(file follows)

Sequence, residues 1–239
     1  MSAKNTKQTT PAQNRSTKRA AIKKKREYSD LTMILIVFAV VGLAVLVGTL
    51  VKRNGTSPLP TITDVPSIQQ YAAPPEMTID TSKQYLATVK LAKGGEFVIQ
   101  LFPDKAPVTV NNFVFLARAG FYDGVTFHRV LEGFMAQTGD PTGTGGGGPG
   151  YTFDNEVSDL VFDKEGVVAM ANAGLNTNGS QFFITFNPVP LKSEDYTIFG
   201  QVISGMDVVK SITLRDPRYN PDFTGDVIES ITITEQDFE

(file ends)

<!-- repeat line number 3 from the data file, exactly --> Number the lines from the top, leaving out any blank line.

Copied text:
    51  VKRNGTSPLP TITDVPSIQQ YAAPPEMTID TSKQYLATVK LAKGGEFVIQ